Our first purchase was a refrigerator, an LG model LFD25860TT. It is 25 cu. feet large, is titanium colored (I didn’t want that smudgy stainless surface), and has French doors. It also has a water dispenser on the front, not water and ice. Why, you ask? Or maybe you don’t care, but I will tell you anyway. This is because we drink LOTS of water. We usually go through several bottles every day. On the other hand, we are not big on ice. Our current ice maker tends to collect bugs, which is probably the reason for our distaste of ice. The ice dispenser on the door seemed to be an energy consumer that we could do without. Because the freezer is on the bottom, on this particular model, that is another big energy saver. This refrigerator uses only 499 kWh/year.

We saved money on this model by buying it from Appliance Direct. This model was no longer carried by Home Depot or Lowes, because they’d replaced it with the ice-dispenser-in-door model. However, we found it for a lower price than we’d paid at Best Buy, and Appliance Direct did price matching, so lowered our price to beat the Best Buy price. Good deal #1.

Our next purchase was an LG dishwasher, model LDF6810BB. This was another energy efficient model, because it allows for Upper Rack only washing. Since there are only 2 of us, we sometimes run the dishwasher without having a full load. We are hoping that this will help us save energy on those times when we have to run a partially-full load of dishes.

It’s a fully integrated dishwasher, and we got a bargain on this one by going with the color black. For some odd reason, the black model cost a full $300 less than either the stainless or white model. Home Depot was offering free delivery and a gift certificate with appliance purchases, so we also took advantage of these opportunities and their unusually low prices for this color model and purchased from them.

Our third and, thus far, final purchase was that of the range. It’s a Jenn Air range, dual fuel, model JDR8895AAB. It has the gas cooktop that my husband wanted, while having electric double ovens. The lower oven is a convection oven, while the upper, smaller oven pre-heats in half the time for still more energy efficiency.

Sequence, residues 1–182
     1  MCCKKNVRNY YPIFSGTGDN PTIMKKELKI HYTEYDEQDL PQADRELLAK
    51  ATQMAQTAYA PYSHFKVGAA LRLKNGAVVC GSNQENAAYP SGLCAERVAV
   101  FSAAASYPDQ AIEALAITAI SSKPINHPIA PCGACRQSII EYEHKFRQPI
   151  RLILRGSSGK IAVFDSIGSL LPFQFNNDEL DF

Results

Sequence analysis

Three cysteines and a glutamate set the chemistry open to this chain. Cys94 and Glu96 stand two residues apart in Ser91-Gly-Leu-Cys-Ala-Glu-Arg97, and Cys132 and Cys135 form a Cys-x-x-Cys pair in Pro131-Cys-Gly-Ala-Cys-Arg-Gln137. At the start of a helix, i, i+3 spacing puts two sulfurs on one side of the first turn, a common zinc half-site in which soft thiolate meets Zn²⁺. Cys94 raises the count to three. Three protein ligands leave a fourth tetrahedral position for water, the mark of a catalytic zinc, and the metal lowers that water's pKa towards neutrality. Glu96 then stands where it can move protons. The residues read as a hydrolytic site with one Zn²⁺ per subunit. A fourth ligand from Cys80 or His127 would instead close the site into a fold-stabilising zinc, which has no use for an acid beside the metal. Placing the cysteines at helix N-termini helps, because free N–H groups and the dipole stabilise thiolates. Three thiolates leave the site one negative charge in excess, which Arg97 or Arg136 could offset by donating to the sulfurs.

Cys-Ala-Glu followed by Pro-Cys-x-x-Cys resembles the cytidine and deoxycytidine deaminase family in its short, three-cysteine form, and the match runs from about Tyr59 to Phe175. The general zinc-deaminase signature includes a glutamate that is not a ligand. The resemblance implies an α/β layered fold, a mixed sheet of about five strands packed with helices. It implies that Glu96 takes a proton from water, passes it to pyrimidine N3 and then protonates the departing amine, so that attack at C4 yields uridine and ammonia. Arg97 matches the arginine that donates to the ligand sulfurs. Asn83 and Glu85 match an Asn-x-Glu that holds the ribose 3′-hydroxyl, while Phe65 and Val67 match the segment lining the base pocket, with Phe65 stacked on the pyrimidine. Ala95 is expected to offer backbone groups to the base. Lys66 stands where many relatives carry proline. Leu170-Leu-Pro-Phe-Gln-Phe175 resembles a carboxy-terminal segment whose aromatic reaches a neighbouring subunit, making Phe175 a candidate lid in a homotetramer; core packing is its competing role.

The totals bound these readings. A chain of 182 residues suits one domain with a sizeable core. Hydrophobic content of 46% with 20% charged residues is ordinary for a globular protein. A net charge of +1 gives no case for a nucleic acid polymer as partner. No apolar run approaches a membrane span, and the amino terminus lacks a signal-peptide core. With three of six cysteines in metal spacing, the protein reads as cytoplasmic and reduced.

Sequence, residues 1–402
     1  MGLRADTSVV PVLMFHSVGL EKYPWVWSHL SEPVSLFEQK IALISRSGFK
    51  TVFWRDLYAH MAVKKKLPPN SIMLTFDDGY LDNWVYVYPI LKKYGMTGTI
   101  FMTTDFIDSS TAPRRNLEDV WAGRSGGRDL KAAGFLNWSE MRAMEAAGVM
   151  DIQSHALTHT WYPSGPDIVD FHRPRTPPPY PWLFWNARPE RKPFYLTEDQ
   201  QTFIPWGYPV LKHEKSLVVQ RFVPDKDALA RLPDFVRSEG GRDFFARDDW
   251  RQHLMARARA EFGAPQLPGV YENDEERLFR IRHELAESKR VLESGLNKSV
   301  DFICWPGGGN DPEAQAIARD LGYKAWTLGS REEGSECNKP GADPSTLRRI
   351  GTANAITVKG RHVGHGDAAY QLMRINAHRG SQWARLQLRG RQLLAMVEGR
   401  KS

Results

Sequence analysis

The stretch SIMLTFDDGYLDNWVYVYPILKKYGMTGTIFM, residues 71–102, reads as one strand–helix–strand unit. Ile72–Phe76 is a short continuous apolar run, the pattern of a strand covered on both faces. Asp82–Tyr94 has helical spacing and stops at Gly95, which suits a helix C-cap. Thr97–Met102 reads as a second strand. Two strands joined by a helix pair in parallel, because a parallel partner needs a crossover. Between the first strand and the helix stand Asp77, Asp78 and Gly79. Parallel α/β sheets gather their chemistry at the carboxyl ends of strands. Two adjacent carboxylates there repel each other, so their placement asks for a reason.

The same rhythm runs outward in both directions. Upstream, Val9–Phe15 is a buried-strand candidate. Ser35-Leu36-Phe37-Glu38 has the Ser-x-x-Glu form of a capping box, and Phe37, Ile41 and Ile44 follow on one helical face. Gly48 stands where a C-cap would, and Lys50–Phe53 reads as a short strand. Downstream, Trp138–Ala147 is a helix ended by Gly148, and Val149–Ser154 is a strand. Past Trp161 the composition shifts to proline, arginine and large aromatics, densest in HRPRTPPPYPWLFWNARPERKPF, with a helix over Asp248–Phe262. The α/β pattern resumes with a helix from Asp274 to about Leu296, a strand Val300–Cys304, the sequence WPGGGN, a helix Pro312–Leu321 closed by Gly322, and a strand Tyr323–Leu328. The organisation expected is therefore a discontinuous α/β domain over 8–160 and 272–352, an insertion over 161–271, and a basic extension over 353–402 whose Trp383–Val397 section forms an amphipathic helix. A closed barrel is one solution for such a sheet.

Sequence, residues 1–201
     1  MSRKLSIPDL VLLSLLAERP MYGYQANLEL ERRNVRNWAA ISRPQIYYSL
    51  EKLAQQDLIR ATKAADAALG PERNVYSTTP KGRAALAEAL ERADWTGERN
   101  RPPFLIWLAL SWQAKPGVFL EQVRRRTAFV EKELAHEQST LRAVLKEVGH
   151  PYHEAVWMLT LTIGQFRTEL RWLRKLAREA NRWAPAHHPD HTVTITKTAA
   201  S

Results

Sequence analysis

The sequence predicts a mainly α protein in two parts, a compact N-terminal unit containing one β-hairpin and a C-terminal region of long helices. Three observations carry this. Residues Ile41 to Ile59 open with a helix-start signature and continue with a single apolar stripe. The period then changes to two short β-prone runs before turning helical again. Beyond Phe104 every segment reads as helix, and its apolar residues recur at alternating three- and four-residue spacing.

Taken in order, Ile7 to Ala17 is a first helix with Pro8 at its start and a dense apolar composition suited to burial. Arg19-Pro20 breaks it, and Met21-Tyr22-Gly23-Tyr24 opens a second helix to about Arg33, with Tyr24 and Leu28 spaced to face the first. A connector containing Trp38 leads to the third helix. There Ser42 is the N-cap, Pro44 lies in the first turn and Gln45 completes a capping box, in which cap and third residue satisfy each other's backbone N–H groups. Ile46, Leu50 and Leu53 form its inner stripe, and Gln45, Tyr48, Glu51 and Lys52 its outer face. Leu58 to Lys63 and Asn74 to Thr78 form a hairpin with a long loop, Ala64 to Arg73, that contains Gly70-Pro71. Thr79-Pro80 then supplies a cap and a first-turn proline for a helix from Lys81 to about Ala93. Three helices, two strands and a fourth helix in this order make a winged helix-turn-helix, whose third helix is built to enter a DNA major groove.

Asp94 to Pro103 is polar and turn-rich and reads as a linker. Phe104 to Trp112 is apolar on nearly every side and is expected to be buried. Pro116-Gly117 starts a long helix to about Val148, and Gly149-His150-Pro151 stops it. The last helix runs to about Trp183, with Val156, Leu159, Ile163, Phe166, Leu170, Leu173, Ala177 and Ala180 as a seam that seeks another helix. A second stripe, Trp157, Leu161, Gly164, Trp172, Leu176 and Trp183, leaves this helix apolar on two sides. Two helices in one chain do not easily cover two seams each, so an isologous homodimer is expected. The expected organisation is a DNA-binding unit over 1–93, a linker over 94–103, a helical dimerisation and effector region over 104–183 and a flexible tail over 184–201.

By purchasing this range in black, we saved $200, and the black model still has stainless steel door handles and silver knobs, to coordinate with our refrigerator. My husband looked on the Jenn Air website and was able to find a $75 rebate that wasn’t mentioned at any of the appliance stores we’d been to. So sometimes it pays to see if the manufacturer offers rebates or incentives. We bought this range from Home Depot, to take advantage of their free shipping and gift card.

Home Depot also had a 20% off sale on their fans, so we decided to buy them now. We had done some research online about energy efficient fans, and we’d found this page, giving us information about the Windward III model. We chose this model for our great room, and we found another model, almost as energy efficient, called the Covington for our master bedroom. The 2 downstairs bedrooms got the Quick Connect fans, which were also Energy Star rated, and we purchased 2 fans for our back porch: the Gazebo Plus Indoor/Outdoor fans. This model was the most energy efficient indoor/outdoor fan that we could find, so that is why we went with it.

I will post more as we purchase more appliances. We have our eyes on a built-in wine cooler, and we are planning on purchasing our washer and dryer from the scratch and dent section of Appliance Direct, since these are appliances whose appearance isn’t nearly as important to us as their affordability and energy efficiency.

Will it be a house when the siding goes up?

April 21, 2007

And the dispute rages on. I maintain that it’s more than a lot, but my husband maintains that it’s less than a house! Things are really moving this week, though.

The first news is that our builder, Woody Dortch of Classic Structures, Inc., has begun putting up our siding. Which is why I say that, once it no longer looks like a gigantic foam ice chest, we should call it a HOUSE! Here is a shot of the front of the house, with the bay window partially covered with Hardie Board siding: